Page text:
At first he gave be a blank stare, then frustrated responded, “I spent the entire day with you and I spent a lot of money on you today, it’s not wrong for me to expect you to spend the night.”

Instead of yelling, I just looked at him sadly and said, “Yes, it is. I’m a person. I’m not some pretty flower you can buy and pluck at your will.”

He just turned away and muttered, “Well that was a waste.”

“What was a waste?” I demanded. “The entire day,” he muttered back.

Feeling defeated, I turned away struggling to hide the escaping tears, and insisted on walking home on my own.

The next day, he’d called me over to apologize, but I wasn’t feeling very forgiving. “I’ll accept your apology,” I’d said, “but you and I won’t be going on any more dates.”

Confused he’d asked, “Is being alone really better than this?”

“Better than what?” I asked, “Better hanging out with someone who consistently makes you unhappy? If that’s what you’re asking, then YES, being alone is better.”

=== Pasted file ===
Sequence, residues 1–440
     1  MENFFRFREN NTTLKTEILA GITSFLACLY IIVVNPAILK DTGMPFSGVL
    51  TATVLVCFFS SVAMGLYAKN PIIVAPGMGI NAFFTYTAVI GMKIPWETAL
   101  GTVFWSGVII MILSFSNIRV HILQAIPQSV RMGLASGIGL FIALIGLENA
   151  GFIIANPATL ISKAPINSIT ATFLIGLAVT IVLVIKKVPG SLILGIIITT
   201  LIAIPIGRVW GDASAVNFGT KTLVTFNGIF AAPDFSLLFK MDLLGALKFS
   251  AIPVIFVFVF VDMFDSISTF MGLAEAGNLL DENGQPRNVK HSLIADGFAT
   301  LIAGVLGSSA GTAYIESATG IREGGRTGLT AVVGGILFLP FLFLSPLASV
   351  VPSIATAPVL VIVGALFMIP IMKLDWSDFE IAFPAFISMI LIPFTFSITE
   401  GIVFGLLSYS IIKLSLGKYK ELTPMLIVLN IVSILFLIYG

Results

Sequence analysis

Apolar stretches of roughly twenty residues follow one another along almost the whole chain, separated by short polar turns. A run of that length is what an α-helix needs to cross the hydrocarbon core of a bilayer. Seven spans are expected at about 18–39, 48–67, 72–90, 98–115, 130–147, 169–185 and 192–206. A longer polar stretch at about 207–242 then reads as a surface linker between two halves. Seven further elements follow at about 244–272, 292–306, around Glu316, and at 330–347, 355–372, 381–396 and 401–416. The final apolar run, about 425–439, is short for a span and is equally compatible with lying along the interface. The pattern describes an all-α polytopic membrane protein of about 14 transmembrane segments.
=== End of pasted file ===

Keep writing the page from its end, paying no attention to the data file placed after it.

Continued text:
“It’s not,” he replied, “I only take you out because it’s better than being alone.”

Stunned, I asked, “Do you even like me?”

He didn’t answer at first, but when I started to walk out the door he whispered, “I like it when you smile.”

“That’s not good enough,” I whispered more to myself than him. Then for the second time in one weekend I walked home with tears streaming down my face like a waterfall after a rainstorm

This had happened in October of 2011, and by late January, I had started to feel forgiving, or maybe just pathetically alone. My life stress was at one of its highest points, and panic attacks and fitful sleep plagued most of my nights.

The artist had never let me be. He’d made a habit out of calling once a week to plead for forgiveness and a second chance. It was a routing. By January, I was well aware of his addiction to alcohol, and on most days it was easy to refuse him. But one morning, he called during the onset of another attack and the last thing I wanted was to be alone. So I accepted a dinner invitation, but only after he agreed not to order any alcohol with our meal.